Moms Handle Most Parenting Roles and it Affects Happiness, Study Finds

Moms Handle the Brunt of Parenting Roles and It Affects Their Happiness, Study Finds

Proof that moms really are underappreciated and overworked.
save article
profile picture of Stephanie Grassullo
Associate Editor
January 23, 2019
moms and working moms still handle the majority of the housework
Image: iStock

A mom’s to do list is never complete. A new study published in the journal Sex Roles and discussed in a recent Mashable article will attest to this. The researchers refer to mothers as the “captains of households” for keeping their families afloat—often at the expense of their own wellbeing.

Of course you wouldn’t trade being a mother for the world, but sometimes you can’t help but feel underappreciated and overworked. And, according to researchers, that’s because you are.

The study surveyed nearly 400 mothers who were either married or had partners, and the majority of them felt like they were running the parenting show alone. A staggering 90 percent say they are solely responsible for organizing their family’s many schedules, and 70 percent say they complete most of the household tasks that keep their families running smoothly.

The stress adds up. The study’s authors say sole responsibility over household and familial jobs can lead to overwhelming feelings of emptiness, and puts a toll on your relationship with your partner.

There are few ways for moms to combat this. First, the study encourages moms to talk to their partner about household expectations and sharing parenting roles. Quick but frequent time spent dedicated to your relationship is necessary. It doesn’t have to be formal, and can even be a few minutes set aside to chat and make sure you’re both on the same page. The Lasting app can also help in this area. It works with both of you to keep your marriage healthy and on track.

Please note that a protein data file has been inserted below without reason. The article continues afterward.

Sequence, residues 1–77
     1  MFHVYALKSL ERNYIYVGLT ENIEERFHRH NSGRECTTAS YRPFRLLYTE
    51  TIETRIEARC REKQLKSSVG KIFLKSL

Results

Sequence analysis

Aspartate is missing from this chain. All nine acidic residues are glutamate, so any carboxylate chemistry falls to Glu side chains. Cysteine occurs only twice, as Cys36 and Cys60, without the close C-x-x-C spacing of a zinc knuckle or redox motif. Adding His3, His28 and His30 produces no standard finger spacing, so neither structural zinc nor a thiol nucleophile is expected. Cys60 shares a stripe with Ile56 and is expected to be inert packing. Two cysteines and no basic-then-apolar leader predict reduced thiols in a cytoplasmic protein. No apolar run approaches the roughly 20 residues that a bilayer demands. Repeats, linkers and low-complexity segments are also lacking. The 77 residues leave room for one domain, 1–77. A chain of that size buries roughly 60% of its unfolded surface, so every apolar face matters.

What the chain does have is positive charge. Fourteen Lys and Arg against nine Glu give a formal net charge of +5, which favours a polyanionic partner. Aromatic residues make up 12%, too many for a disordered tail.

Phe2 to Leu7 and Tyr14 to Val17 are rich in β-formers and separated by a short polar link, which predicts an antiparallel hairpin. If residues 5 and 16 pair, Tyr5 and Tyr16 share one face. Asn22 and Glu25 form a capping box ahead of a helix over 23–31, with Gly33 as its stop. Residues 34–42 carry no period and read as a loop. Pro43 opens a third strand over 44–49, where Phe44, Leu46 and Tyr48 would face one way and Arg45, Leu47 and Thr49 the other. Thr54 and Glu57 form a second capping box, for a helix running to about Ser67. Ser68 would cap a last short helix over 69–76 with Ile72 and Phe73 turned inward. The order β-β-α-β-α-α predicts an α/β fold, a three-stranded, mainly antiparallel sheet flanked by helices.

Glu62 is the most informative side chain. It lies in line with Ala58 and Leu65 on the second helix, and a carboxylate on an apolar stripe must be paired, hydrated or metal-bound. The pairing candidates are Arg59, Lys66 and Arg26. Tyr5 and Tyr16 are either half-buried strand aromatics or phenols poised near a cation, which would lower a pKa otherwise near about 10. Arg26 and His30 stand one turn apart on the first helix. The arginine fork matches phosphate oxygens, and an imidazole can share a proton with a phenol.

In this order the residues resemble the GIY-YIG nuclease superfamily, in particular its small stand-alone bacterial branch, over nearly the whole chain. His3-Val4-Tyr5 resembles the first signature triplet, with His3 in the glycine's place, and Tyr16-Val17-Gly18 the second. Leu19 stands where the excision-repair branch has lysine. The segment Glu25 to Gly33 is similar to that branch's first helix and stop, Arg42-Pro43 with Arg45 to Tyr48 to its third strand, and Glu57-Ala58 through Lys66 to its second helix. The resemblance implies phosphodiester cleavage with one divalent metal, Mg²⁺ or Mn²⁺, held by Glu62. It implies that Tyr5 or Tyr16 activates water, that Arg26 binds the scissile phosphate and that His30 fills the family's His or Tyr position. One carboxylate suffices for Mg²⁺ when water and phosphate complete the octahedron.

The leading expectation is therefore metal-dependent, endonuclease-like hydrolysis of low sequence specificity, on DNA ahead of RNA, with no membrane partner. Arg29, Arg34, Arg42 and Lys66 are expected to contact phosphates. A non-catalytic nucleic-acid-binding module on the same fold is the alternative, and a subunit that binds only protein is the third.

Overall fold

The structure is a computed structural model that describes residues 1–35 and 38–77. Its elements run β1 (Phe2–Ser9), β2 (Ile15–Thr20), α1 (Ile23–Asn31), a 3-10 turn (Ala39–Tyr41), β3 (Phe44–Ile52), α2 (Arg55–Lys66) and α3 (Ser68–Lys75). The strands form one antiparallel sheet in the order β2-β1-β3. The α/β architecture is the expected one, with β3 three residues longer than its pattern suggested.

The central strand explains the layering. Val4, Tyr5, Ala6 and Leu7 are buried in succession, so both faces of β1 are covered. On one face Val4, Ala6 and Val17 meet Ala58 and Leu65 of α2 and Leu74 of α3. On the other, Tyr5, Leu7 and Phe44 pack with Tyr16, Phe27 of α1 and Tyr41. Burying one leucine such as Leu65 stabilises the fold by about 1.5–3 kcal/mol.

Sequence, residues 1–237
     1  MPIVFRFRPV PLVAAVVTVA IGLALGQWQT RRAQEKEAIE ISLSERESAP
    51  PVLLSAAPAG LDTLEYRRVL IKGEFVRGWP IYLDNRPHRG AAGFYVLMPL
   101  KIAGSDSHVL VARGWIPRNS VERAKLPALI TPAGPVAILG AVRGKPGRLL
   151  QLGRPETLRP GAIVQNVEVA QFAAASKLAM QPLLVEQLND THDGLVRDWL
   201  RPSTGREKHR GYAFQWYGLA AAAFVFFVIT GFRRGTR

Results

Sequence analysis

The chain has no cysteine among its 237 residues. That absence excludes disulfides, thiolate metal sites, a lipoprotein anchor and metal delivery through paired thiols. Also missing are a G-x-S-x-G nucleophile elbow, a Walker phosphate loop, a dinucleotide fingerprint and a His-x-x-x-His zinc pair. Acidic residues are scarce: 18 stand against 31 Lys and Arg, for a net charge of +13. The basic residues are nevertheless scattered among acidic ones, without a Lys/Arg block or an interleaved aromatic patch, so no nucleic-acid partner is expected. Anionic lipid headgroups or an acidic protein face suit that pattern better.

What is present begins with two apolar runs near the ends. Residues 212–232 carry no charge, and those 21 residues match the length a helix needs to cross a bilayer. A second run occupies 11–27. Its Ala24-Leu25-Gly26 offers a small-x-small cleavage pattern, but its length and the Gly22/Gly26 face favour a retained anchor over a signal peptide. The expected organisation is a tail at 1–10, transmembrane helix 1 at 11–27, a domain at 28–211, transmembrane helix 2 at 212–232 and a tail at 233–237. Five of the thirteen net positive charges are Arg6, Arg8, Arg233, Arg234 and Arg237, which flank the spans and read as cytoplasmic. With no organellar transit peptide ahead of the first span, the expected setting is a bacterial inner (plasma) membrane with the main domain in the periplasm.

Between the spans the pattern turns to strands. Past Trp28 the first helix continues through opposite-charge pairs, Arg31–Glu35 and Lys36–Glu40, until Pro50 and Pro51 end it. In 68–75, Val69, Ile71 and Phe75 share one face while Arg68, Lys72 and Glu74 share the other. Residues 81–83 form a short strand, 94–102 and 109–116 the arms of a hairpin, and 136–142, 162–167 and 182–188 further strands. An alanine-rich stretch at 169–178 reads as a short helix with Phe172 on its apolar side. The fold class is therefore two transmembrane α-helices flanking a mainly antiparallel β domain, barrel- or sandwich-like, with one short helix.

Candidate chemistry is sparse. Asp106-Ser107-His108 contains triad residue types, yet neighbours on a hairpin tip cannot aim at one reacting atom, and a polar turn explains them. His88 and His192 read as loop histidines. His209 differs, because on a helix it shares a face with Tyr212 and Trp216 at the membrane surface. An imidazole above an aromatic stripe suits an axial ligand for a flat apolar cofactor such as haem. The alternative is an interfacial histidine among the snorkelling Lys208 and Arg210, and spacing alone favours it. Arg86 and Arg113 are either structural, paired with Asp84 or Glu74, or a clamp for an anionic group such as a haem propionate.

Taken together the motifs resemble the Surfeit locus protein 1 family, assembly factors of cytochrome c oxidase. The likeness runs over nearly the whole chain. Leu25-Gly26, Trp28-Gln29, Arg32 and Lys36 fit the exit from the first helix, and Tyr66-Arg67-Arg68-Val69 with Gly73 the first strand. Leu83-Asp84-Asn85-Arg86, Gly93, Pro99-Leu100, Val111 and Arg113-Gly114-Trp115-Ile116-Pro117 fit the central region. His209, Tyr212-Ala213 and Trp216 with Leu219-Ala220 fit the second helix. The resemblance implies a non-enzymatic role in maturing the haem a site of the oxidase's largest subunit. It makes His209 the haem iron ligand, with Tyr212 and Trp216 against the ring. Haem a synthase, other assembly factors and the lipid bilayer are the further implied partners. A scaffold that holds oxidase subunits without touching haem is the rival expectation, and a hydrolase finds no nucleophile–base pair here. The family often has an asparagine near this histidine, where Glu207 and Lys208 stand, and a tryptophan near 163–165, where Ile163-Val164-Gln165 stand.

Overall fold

Another outlet to help boost moms’ morale is finding support from fellow mothers. There’s a reason why everyone says mom friends are the best friends. Other moms know what you’re going through, and can relate to the many feelings–good and bad—you experience on any given Tuesday. If you don’t have a mom tribe yet, don’t sweat it. There are lots of ways to find your core group of ladies.

Remember, you shouldn’t have to silently suffer. Stay open with your friends and family so they can pick you up before you fall.

Please note: The Bump and the materials and information it contains are not intended to, and do not constitute, medical or other health advice or diagnosis and should not be used as such. You should always consult with a qualified physician or health professional about your specific circumstances.

save article

Next on Your Reading List

Article removed.
Name added. View Your List